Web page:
World Health Organiz says BigWind IS too noisy!

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“The wind industry has denied and ignored evidence directly linking wind turbines and sleep disruption leading to negative human and animal impacts worldwide. Expect WHO’s new Guidelines to give rise to new standards to mitigate if not eliminate this ongoing suffering.”

“The burden of environmental noise with wind turbines is not episodic or random: for the most part its effects are constant and unrelenting…. This is an undeniable health pressure of enormous magnitude.”

Abstract: While only “conditional,” acknowledgement is given to pulsation (impulsive amplitude modification, as Mr. Steven Cooper calls it) and ILFN (Infra and Low Frequency Noise), the new World Health Organization report underscores the failure of current regulations of dB to manage health impacts from industrial wind installations worldwide.

The other irrefutable conclusion is that the wind industry has been given a regulatory path to profits with an unfathomable license to hurt in the form of sleep deprivation (and associated disease) for a very long time.  Master Resource reported earlier on the findings of the Australian Senate Select Committee on Wind Turbines (June 29, 2015). This court established that there is a direct pathway to disease resulting from wind turbine noise.

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For years, a host of professionals and interested parties have asked World Health Organization to include wind turbine noise in its Guidelines. For the first time, WHO has announced guidelines for wind turbine ‘noise.

While issued only for the European Region (with data compiled from various continents), worldwide industry, governments, and interested and impacted people will all take note. (Key people in the presentation of copious and reputable information to the WHO for years, have been Christine Metcalfe of the UK, and Dr. Sarah Laurie of AU.)

This Guideline recognizes that the “noise” is more than ‘annoyance’ (and “annoyance” is of lesser concern than sleep deprivation)–and that chronic noise contributes to cardiovascular disease; lack of sleep, hearing loss, tinnitus and stress; and increased changes in blood pressure and heart health. These, of course, are well known impacts to communities and professionals worldwide. These negative impacts have, however, been slow to be recognized at levels such as the WHO.

The impacts recognized by the WHO Guidelines are likely to cause some concern for the wind industry that has chronically, methodically, and systemically, over a long period of time, blocked the flow of information, denying, obfuscating, and blaming helpless victims for “poor coping skills.”

Analyses of the WHO findings are happening around the world, with some looking to the anticipated mass of class action lawsuits, and others more cautiously examining  the omissions, and overly cautious, and even erroneous WHO findings, which conclude that there is insufficient evidence to provide night time wind turbine noise guidelines.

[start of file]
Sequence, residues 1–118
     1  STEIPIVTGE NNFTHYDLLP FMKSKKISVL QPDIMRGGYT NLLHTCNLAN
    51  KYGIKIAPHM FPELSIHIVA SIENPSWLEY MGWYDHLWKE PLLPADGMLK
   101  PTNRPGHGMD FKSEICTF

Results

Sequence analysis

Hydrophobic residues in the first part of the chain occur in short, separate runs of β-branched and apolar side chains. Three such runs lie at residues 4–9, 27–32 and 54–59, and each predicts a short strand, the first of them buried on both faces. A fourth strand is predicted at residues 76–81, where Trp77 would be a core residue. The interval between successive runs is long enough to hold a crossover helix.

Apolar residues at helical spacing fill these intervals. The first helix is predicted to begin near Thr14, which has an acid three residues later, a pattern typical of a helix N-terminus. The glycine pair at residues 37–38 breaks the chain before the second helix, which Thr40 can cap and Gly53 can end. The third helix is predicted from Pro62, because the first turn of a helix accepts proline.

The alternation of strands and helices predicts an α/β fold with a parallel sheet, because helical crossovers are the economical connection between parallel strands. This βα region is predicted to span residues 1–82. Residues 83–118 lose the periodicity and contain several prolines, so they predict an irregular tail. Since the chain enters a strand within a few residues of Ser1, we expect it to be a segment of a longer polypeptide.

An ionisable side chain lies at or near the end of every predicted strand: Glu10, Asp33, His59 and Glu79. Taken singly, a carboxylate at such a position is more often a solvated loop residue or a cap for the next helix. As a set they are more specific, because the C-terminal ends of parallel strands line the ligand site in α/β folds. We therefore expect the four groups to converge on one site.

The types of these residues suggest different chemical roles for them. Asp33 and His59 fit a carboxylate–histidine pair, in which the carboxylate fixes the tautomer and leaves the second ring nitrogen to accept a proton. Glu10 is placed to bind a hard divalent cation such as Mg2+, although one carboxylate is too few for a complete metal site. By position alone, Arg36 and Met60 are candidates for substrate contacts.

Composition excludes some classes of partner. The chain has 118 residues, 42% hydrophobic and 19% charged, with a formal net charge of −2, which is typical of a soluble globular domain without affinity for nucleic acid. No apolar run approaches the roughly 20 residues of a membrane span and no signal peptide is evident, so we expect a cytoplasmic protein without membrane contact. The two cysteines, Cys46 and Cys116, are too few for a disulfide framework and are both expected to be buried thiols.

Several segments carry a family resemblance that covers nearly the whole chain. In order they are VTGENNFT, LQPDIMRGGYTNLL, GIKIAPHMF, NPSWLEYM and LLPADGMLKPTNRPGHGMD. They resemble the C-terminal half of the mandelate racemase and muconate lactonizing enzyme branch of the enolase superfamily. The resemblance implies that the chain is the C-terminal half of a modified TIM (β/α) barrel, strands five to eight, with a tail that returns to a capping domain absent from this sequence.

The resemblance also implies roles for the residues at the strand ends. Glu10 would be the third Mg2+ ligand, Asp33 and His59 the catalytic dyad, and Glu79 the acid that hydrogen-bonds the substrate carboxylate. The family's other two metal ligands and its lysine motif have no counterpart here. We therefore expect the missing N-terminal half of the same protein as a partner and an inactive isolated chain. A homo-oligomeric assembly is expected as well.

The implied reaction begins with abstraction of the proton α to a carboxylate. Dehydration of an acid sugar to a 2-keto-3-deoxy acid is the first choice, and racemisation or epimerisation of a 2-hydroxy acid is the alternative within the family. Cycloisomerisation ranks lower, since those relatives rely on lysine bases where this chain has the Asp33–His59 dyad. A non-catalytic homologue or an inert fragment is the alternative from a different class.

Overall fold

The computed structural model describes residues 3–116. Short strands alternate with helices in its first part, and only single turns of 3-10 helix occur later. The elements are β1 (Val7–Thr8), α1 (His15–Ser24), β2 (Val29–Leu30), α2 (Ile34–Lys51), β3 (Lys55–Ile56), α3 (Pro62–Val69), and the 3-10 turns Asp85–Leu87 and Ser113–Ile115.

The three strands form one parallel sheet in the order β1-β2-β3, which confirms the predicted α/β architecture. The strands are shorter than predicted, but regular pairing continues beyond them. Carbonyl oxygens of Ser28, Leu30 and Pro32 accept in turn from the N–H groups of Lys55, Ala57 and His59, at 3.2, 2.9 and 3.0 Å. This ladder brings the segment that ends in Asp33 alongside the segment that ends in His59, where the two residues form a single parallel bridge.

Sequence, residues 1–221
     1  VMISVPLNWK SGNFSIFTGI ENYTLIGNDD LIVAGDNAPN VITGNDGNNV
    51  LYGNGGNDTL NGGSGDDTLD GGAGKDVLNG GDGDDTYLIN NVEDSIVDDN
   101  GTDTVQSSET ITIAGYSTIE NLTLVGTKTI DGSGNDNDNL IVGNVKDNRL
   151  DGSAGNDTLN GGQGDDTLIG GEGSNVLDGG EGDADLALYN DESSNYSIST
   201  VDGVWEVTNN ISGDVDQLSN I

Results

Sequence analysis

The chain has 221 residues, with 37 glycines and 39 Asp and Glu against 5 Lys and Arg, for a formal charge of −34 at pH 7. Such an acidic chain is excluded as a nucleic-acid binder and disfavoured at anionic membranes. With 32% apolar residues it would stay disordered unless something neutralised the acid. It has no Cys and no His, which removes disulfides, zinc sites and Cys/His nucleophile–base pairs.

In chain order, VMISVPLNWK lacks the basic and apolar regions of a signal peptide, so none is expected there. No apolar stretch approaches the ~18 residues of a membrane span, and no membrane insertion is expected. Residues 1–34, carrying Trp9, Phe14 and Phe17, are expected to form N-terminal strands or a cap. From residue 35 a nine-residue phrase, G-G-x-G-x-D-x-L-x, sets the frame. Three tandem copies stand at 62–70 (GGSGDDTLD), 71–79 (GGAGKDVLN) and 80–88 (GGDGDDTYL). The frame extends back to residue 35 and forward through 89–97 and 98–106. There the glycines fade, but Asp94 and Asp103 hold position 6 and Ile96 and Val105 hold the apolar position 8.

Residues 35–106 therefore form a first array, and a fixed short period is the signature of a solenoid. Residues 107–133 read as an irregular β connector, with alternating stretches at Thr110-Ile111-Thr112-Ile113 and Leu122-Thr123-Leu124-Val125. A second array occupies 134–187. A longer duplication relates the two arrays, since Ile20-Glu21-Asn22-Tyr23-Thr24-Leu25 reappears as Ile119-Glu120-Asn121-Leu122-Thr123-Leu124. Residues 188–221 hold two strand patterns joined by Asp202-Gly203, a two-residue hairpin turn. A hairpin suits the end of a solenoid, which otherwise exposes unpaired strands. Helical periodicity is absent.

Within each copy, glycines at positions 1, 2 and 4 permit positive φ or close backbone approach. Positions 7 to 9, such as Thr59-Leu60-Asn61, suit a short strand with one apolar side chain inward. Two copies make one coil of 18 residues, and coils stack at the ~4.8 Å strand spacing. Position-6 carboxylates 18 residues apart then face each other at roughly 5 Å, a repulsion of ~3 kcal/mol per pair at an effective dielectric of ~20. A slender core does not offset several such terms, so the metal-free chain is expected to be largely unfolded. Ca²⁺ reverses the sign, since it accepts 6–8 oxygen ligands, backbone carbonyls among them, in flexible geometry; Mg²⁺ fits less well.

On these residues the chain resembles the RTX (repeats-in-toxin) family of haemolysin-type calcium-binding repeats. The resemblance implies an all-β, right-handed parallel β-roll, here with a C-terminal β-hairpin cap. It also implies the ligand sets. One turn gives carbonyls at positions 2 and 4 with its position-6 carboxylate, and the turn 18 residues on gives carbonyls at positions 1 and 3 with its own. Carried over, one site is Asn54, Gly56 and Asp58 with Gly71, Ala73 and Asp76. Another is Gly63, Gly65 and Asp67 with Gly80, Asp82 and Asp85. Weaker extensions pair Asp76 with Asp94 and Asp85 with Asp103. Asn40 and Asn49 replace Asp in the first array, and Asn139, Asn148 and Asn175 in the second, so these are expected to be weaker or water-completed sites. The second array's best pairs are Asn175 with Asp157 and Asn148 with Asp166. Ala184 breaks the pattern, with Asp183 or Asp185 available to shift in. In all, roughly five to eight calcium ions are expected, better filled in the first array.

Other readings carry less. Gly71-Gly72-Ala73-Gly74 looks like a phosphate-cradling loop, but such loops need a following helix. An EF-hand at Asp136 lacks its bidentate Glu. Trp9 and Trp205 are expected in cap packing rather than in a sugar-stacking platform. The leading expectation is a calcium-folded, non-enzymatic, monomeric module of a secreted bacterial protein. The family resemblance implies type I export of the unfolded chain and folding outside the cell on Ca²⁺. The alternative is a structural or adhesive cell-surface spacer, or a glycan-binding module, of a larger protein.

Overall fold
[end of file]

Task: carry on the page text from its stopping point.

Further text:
Also, but only gently underscored, not highlighted in the Wind Turbine Noise Guidelines, are the now obvious and historically reported impacts of ILFN, shadow flicker, vibration, pressure pulsation…

Five Advancements

Compared to previous WHO guidelines on noise, this version contains five significant developments:

  • stronger evidence of the cardiovascular and metabolic effects of environmental noise;
  • inclusion of new noise sources, namely wind turbine noise and leisure noise, in addition to noise from transportation (aircraft, rail and road traffic);
  • use of a standardized approach to assess the evidence;
  • a systematic review of evidence, defining the relationship between noise exposure and risk of adverse health outcomes;
  • use of long-term average noise exposure indicators to better predict adverse health outcomes.

The executive summary can be found here:

For average noise exposure (WIND TURBINES), the GDG (Guideline Development Group) conditionally recommends reducing noise levels produced by wind turbines below 45 dB Lden, as wind turbine noise above this level is associated with adverse health effects.

How loud is too loud? WHO asks:

The WHO guidelines for community noise recommend less than 30 A-weighted decibels (dB(A)) in bedrooms during the night for a sleep of good quality and less than 35 dB(A) in classrooms to allow good teaching and learning conditions.

The WHO guidelines for night noise recommend less than 40 dB(A) of annual average (Lnight) outside of bedrooms to prevent adverse health effects from night noise.